Peer User

SettingDescription
Peer UserOnly entered when configuring mutual CHAP. Usually the same value as User.
Peer SecretMutual secret password. Required when Peer User is set. Must be different than the Secret.
Peer Secret (Confirm)Confirm the mutual secret password.

The Targets tab lets users create new TrueNAS storage resources or edit existing ones in the list.

SharingISCSIManualTargetsSCALE

To add a new target, click ADD and enter the basic and iSCSI group information.

To edit an existing target, click next to it and select Edit.

SharingISCSIManualTargetsFormSCALE

Basic Info

SettingDescription
Target NameThe base name is automatically prepended if the target name does not start with iqn. Lowercase alphanumeric characters plus dot (.), dash (-), and colon (:) are allowed. See the Constructing iSCSI names using the iqn.format section of RFC3721.
Target AliasOptional user-friendly name.

iSCSI Group

SettingDescription
Portal Group IDLeave empty or select an existing portal to use.
Initiator Group IDSelect which existing initiator group has access to the target.
Authentication MethodChoices are None, Auto, CHAP, or Mutual CHAP.
Authentication Group NumberSelect None or an integer. This value represents the number of existing authorized accesses.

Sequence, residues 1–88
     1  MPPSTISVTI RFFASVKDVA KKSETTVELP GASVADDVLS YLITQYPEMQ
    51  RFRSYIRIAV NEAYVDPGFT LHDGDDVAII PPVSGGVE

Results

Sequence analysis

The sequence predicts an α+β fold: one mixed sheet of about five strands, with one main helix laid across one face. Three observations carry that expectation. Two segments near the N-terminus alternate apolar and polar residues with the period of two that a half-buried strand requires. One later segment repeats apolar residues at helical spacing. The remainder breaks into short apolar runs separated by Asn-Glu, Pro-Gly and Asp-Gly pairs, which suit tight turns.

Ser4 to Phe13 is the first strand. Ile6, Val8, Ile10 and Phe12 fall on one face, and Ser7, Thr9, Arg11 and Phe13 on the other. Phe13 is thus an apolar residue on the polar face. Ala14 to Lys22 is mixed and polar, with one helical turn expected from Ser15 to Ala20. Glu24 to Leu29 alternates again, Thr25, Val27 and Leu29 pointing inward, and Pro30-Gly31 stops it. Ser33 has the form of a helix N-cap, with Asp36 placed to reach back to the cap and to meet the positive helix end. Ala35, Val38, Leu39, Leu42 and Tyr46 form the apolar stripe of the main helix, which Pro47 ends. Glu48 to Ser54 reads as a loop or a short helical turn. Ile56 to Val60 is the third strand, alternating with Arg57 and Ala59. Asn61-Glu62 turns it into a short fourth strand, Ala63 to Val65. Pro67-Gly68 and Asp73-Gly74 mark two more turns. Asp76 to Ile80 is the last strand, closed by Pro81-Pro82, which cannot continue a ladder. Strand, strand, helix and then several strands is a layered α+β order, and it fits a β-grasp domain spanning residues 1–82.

The Extents tab lets users create new shared storage units or edit existing ones in the list.

SharingISCSIManualExtentsSCALE

To add a new extent, click Add and enter the information.

To edit an existing extent, click next to it and select Edit.

SharingISCSIManualExtentsFormSCALE

Basic Info

SettingDescription
NameName of the extent. If the Extent size is not 0, it cannot be an existing file within the pool or dataset.
DescriptionNotes about this extent.
EnabledSet to enable the iSCSI extent.

Type

SettingDescription
Extent TypeDevice provides virtual storage access to zvols, zvol snapshots, or physical devices. File provides virtual storage access to a single file.
DeviceOnly appears if Device is selected. Select the unformatted disk, controller, or zvol snapshot.
Path to the ExtentOnly appears if File is selected. Browse to an existing file. Create a new file by browsing to a dataset and appending /{filename.ext} to the path. Users cannot create extents inside a jail root directory.
FilesizeOnly appears if File is selected. Entering 0 uses the actual file size and requires that the file already exists. Otherwise, specify the file size for the new file.
Logical Block SizeLeave at the default of 512 unless the initiator requires a different block size.
Disable Physical Block Size ReportingSet if the initiator does not support physical block size values over 4K (MS SQL).

Compatibility

SettingDescription
Enable TPCSet to allow an initiator to bypass normal access control and access any scannable target. This allows xcopy operations that are otherwise blocked by access control.